4 Average Wine Drinkers Blind Taste 5 Famous Malbecs

What better way to celebrate World Malbec Day!

As a rule I don’t like World (INSERT RANDOM GRAPE NAME) Day, because by and large they’re just marketing ploys by public relations firms. But World Malbec Day (April 17) is…not really any different. 

However, I had been wanting to spend a little more time on a grape like Malbec that can be frequently overlooked by wine critics while simultaneously embraced by the drinking public. 

Argentina is, of course, the King and Queen of Malbec and its ability to make the wine in large quantities, while maintaining quality at a reasonable price, has made it one of the dominant forces on the world wine scene for the last two-plus decades.

But in some ways, I still think of Malbec as a greatly misunderstood grape. The Bordeaux native is often viewed as a monolithic entity—it can produce wines that are consistently good, but rarely either bad or great. But I don’t think that’s fair—I’ve had ascendant Malbecs that sing with complexity and a few plodders that are dull and lifeless (and, to be fair, a lot of solid value wines as well).

So to celebrate this made up day, I figured the best way to honour this grape was to share its wide range with my friends/fellow editors and see what they thought. So I gathered five widely available bottles and put them into unmarked tester bottles and dropped them off to see what my colleagues thought. They didn’t know the producers or prices—they just had to taste and record their thoughts. And here’s what they thought.

Wine 1: Casa Bianchi Los Primos Malbec 2019 $13

Nathan: Kinda watery? Not bad, but didn’t have the same body as some of the others.

Alyssa: This one really fills up your mouth! It’s got notes of blackberry and is very gentle.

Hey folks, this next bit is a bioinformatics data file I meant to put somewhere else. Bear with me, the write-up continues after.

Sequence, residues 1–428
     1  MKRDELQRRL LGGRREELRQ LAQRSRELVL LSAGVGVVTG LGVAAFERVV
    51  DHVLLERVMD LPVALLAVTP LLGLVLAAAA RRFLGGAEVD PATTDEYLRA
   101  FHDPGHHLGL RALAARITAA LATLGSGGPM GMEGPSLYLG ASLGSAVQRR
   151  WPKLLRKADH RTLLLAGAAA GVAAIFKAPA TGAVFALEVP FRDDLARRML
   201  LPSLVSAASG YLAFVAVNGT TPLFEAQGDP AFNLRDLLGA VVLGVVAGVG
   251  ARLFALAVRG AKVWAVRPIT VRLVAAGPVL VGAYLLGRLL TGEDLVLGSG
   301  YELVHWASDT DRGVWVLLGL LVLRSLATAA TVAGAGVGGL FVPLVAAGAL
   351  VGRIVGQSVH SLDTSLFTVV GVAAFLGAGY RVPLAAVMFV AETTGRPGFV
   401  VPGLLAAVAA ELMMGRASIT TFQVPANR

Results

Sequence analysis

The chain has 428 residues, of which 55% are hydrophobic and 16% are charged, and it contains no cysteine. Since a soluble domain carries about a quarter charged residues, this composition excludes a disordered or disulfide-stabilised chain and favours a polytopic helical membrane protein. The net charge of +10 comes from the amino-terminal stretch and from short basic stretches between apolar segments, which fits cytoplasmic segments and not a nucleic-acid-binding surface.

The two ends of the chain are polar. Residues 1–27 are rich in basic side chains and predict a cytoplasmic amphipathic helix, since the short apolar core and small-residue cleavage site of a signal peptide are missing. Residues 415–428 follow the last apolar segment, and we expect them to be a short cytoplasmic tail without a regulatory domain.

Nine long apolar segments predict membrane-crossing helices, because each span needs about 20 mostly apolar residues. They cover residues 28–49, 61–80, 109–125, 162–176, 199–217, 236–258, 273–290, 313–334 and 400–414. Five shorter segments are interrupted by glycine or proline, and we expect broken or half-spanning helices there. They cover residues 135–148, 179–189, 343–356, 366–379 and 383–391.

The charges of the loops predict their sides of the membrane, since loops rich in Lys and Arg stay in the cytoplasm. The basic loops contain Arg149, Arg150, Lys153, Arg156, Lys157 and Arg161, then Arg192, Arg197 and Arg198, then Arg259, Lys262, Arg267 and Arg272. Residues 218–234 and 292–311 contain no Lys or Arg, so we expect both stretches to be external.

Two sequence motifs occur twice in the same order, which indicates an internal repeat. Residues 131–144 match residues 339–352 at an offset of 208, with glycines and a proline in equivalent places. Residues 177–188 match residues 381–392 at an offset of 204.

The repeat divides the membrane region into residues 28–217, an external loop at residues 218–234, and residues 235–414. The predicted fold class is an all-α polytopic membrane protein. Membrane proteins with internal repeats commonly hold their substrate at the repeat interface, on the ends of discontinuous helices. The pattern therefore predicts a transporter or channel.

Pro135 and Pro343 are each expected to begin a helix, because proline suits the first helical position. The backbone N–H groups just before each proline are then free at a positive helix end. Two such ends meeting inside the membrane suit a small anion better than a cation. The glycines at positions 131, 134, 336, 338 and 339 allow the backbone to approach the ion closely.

Stacey: Like bitter cherries: not in a good way. Too astringent and sharp.

Anicka: Really different and bright tasting, compared to the others. Different enough for one glass, but probably that’s it.

My Take: The team was a bit all over the map here, but there were some truths. Nate’s “kinda watery” speaks to this wine’s lighter profile, while Anicka nails the brightness of this cheap and cheerful take on Malbec, and I can see Alyssa getting some blackberry notes.

Stacey’s “astringent” is a bit of an outlier—Malbec’s famous for avoiding astringency, but I think she means it’s not as full bodied as the others. which is true, For me it had medium/dark colour, which was odd given the relatively light body. It’s also quite rich on the nose, but it has decent acidity (this must be Stacey’s astringency) but little complexity. It’s simple, and would probably benefit from a slight chill even. 

Wine 2: Finca Decero 2017 $28

Nathan: Fruity, dry.

Alyssa: This is the one I feel most confident about, taste-wise. It’s got a lush, herbal scent that I first thought might be vanilla but later defined as chai—cardamom? It’s light-bodied and spicy and good.

Stacey: I know wine is fermented, but this tasted kind of overly so to me, and too juicy.

Anicka: This one has a smokey nose, and a slightly smokey taste. Again, enjoyed this one enough to finish.

My Take: Again, early props to Anicka and Alyssa who honed in on the great vein of herbaceousness and slightly smoky finish that I think of trademarks of Finca Decero.